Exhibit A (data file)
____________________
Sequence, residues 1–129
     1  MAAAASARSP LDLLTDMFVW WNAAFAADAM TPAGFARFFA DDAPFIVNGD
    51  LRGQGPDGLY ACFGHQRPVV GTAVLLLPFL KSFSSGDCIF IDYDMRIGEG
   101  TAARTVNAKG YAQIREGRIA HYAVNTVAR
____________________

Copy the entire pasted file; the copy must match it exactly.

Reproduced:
Sequence, residues 1–129
     1  MAAAASARSP LDLLTDMFVW WNAAFAADAM TPAGFARFFA DDAPFIVNGD
    51  LRGQGPDGLY ACFGHQRPVV GTAVLLLPFL KSFSSGDCIF IDYDMRIGEG
   101  TAARTVNAKG YAQIREGRIA HYAVNTVAR